100-Patient Ventilator for COVID-19

Sinton, David | $50,000

Ontario University of Toronto 2020 NSERC Alliance COVID-19 Grant

Mechanical ventilation is essential for the treatment of those most effected by coronavirus. The gap between the available supply of ventilators and the projected demand – in Canada and most countries worldwide – is 1-2 orders of magnitude. The shortage is extreme. While the timelines associated with drugs and vaccines are uncertain, the number of sick and the number in need of mechanical ventilation is increasingly certain. Many efforts are underway worldwide to provide ventilators, and we provide a comprehensive review of current efforts in a shareable repository. The key challenge with current efforts is that the one-system-per-patient approach will not scale in number, capability or reliability. The crux of the issue is that the one-system-per-patient model is broken, yet significant patient-customization is essential. We engaged team member and respiratory specialist Ewan Goligher to provide the absolute minimum requirements for patient ventilation and together formulated this challenge: How can one system provide for many patients, while enabling the essential at-bedside customization for patient needs and safety? Our solution – a 100-Patient Ventilator for COVID‑19 – levers centralized gas processing and provides the essential gas control at the bedside. The essential patient-customizable operating parameters are set via a simple fluid control unit. This approach levers the effectiveness and efficiency of centralized facilities, and reduces cost and complexity. Inspired by the Joseph Brant field hospital under construction with capacity for 90-100 patients, we designed our system for 100 patients that will be connected in 10 strings of 10 ventilators – all served by a centralized gas conditioning system. The budget here will enable the development, building and testing of 2 strings with 10 patient units each, and a central system with capacity for 100 patients. With success of this pilot in early 2020, we will have the potential to partner and scale for major impact in this outbreak.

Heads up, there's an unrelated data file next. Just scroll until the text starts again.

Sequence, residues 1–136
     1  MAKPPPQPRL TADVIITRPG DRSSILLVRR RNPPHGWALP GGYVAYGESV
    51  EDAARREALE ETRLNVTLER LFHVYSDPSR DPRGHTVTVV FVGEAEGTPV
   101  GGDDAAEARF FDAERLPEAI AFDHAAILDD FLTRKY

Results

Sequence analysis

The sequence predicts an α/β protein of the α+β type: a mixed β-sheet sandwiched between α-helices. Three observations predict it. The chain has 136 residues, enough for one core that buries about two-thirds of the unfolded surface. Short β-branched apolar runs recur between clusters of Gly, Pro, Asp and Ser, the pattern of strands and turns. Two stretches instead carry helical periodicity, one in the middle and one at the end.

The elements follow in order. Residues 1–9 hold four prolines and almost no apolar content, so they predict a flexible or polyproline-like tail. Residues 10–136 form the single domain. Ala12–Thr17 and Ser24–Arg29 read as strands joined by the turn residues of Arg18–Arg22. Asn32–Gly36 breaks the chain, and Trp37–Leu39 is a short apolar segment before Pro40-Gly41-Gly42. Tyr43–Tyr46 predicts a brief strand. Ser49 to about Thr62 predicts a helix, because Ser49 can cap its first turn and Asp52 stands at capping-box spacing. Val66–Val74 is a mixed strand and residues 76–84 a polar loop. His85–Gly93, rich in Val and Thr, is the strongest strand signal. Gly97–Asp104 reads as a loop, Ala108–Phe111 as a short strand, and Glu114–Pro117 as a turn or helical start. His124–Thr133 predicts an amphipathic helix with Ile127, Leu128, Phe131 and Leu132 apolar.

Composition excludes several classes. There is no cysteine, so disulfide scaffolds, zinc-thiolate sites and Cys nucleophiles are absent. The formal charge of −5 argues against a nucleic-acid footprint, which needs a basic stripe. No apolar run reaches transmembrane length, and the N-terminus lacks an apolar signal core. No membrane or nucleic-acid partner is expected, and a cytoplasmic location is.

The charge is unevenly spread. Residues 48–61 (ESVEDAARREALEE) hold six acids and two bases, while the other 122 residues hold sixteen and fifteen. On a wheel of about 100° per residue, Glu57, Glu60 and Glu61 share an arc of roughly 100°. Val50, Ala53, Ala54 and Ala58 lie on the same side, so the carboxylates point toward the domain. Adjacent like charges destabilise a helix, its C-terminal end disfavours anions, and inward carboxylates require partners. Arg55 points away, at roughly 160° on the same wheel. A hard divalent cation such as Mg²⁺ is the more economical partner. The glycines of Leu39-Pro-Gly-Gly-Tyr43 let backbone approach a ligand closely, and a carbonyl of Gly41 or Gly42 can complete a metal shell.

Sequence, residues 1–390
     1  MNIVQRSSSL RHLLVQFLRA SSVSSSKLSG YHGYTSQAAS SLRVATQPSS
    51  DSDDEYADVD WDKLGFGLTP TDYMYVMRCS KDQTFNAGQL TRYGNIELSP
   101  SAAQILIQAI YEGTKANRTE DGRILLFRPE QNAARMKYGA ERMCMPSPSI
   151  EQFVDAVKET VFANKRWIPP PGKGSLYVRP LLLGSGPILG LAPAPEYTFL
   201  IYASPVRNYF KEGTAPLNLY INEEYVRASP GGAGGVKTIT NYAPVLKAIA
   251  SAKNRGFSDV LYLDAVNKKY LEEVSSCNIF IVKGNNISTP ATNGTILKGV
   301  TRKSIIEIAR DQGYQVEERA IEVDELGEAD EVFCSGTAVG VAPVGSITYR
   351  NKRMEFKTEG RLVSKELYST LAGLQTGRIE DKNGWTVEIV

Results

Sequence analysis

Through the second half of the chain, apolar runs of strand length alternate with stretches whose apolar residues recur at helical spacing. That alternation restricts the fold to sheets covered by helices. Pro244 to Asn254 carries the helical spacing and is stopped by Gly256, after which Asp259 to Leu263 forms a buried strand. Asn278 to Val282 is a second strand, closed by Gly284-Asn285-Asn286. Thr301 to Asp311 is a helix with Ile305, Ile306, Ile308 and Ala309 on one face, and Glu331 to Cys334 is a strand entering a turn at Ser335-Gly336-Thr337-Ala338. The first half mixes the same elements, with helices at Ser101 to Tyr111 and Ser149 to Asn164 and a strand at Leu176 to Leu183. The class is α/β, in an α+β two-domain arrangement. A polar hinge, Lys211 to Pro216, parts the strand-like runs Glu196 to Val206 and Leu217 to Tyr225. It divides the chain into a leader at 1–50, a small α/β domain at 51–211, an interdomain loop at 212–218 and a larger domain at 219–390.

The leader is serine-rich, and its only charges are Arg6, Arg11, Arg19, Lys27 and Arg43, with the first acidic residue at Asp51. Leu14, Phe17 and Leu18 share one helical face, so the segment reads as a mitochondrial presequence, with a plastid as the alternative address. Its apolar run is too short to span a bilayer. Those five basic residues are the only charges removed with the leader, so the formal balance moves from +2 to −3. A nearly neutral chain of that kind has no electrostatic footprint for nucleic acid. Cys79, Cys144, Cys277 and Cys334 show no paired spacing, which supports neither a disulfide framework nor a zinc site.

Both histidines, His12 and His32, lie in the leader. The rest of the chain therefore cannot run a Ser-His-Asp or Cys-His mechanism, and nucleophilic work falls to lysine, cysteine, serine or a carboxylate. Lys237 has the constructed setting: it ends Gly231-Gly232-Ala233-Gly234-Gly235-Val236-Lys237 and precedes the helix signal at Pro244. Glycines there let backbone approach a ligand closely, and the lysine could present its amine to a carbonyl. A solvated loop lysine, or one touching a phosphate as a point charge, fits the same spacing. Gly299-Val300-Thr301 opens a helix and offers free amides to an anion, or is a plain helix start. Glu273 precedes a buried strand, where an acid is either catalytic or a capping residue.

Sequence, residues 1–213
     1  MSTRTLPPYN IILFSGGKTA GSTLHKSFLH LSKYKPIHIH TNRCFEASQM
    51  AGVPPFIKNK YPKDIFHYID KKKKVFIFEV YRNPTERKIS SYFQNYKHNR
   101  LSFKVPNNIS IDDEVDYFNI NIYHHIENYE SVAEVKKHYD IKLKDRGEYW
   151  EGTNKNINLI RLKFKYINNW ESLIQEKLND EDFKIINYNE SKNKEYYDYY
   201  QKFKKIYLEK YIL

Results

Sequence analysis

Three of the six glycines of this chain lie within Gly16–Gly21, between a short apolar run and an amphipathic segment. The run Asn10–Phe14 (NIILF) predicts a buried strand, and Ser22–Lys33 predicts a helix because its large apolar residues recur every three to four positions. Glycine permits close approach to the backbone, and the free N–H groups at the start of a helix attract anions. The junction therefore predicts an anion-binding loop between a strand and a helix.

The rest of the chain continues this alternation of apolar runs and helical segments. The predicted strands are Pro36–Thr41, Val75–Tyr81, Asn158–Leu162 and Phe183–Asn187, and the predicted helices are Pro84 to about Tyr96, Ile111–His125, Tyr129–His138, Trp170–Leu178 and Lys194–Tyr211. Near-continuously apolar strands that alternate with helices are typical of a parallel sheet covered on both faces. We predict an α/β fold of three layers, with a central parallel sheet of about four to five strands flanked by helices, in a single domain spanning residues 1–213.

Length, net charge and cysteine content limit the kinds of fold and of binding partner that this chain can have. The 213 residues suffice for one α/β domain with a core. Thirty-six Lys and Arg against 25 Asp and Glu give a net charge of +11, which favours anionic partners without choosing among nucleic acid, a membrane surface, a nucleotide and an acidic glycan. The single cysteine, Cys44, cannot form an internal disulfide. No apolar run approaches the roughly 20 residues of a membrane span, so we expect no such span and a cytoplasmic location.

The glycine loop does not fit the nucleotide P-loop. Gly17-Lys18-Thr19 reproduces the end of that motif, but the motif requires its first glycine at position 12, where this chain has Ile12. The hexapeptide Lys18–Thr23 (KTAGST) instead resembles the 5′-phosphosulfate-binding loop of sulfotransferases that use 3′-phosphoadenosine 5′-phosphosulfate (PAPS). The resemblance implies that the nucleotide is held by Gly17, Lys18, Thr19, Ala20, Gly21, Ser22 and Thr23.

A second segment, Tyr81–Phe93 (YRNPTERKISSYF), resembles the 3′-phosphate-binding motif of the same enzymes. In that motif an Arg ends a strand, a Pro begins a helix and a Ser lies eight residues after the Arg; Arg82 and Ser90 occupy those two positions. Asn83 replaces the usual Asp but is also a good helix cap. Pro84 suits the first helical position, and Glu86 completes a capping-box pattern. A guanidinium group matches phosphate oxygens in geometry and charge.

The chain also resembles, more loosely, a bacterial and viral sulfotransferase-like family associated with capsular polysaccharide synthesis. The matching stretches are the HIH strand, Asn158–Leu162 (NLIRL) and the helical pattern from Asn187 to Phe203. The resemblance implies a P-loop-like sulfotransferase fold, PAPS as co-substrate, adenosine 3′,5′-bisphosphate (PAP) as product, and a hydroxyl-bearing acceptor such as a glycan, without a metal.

With success of this pilot in early 2020, we will have the potential to make a major impact in this outbreak.

With funding from the Government of Canada

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